G. Adoption Prior to Significant Event. Some companies continue to adopt exclusive forum bylaws in advance of, or concurrently with, public announcements of a merger or other event that could result in litigation. For example, on August 26, 2013, HiTech Pharmacal Co., Inc. agreed to be acquired. On the same day, the board amended the company's bylaws to include a forum selection provision, likely in anticipation of the lawsuits that follow such announcements.36 Air Products and Chemicals, Inc. adopted an exclusive forum bylaw on July 18, 2013.37 On July 31, Pershing Square Capital Management, L.P., the hedge fund, together with affiliated entities, announced that they had acquired a 9.8% beneficial interest in the company.38 Notably, Air Products was one of the ten companies that had repealed a forum selection bylaw after being sued in 2012. Illustrating the changes in practice, Air Products' new bylaw, unlike the original, specifies that if the Delaware Court of Chancery lacks subject matter jurisdiction, the Superior Court of Delaware, followed by the United States District Court for the District of Delaware will have exclusive jurisdiction. In addition, the bylaw specifies that the board may consent to being sued in another jurisdiction.

H. Experimentation. As companies continue to experiment with exclusive forum provisions, a number of other clauses have appeared. For example, 4% of the exclusive forum bylaws analyzed specify that a company shall be entitled to injunctive relief and specific enforcement; 4% include severability language, likely with a view toward as-applied challenges; one provision specifies that the forum provision is solely procedural in nature, seemingly in anticipation of arguments that the bylaw deprives stockholders of substantive rights; and, as discussed above, one company has stated that it will present its exclusive forum bylaw to its stockholders for ratification at the next annual meeting.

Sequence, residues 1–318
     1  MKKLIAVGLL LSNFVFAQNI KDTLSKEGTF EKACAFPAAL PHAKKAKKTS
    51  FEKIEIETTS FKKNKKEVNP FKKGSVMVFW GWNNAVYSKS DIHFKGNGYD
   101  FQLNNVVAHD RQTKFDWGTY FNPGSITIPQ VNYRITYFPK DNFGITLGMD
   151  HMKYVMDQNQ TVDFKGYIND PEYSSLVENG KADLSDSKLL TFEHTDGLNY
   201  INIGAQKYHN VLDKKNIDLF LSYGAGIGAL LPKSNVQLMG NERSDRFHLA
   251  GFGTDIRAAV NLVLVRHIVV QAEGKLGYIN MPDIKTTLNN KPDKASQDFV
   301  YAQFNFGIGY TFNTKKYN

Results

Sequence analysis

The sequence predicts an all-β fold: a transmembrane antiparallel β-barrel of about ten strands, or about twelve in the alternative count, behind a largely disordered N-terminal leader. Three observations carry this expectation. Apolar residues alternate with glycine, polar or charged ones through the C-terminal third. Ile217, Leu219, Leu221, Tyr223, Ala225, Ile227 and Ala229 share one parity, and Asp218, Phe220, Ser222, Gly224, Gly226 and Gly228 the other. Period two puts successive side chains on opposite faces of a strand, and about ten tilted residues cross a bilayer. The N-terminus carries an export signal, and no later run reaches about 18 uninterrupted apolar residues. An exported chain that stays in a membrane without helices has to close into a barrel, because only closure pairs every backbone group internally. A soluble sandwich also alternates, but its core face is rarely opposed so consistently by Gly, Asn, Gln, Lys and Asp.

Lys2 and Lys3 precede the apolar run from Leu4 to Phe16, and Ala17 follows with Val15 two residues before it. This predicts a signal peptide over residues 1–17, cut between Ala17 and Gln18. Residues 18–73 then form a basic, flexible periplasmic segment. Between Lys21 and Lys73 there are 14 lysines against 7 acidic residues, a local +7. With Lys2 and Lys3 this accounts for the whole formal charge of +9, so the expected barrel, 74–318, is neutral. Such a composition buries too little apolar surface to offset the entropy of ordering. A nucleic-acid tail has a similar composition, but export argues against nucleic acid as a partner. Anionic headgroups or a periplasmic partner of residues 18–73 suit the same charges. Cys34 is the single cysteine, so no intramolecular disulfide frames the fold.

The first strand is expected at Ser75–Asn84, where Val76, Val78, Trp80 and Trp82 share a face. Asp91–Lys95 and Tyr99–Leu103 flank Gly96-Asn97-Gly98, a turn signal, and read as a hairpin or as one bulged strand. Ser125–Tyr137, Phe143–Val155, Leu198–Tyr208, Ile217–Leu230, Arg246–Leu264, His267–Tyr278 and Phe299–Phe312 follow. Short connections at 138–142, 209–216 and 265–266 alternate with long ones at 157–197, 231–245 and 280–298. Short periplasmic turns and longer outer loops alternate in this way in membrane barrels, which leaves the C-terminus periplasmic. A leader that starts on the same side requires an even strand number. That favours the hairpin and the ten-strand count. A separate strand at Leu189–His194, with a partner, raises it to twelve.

I. Size of Companies Adopting Provisions. The market capitalization of companies adopting exclusive forum bylaws ranges from less than $100 million to more than $85 billion, indicating interest from both the smallest and largest public companies. Market capitalizations for 100 of the 112 companies analyzed are available on Yahoo Finance. As shown below, the bulk of those companies have market capitalizations below $5 billion:

J. Principal Place of Business. The largest percentage of the 112 companies are headquartered in California (26%), followed by Texas (12%), New York (10%), and Arkansas, Illinois, Massachusetts and New Jersey (each, 4%). Corporations headquartered in 21 other states have adopted exclusive forum bylaws since June 25, 2013. The high percentage of corporations headquartered in California is consistent with the high percentage identified in previous analyses of exclusive forum provisions.39 The extent to which these percentages correlate with perceived litigation climates is unclear.40

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1 Boilermakers Local 154 Ret. Fund v. Chevron Corp.,73 A.3d 934 (Del. Ch. 2013) judgment entered sub nom. Boilermakers Local 154 Ret. Fund & Key W. Police & Fire Pension Fund v. Chevron Corp., 7220-CS, 2013 WL3810127 (Del. Ch. June 25, 2013) [hereinafter Boilermakers].

2 The Chevron bylaw is representative of the current generation of provisions, and provides as follows:

Unless the Corporation consents in writing to the selection of an alternative forum, the sole and exclusive forum for (i) any derivative action or proceeding brought on behalf of the Corporation, (ii) any action asserting a claim of breach of a fiduciary duty owed by any director, officer or other employee of the Corporation to the Corporation or the Corporation's stockholders, (iii) any action asserting a claim arising pursuant to any provision of the Delaware General Corporation Law, or (iv) any action asserting a claim governed by the internal affairs doctrine shall be a state or federal court located within the state of Delaware, in all cases subject to the court's having personal jurisdiction over the indispensible parties named as defendants. Any person or entity purchasing or otherwise acquiring any interest in shares of capital stock of the Corporation shall be deemed to have notice of and consented to the provisions of this Article VII.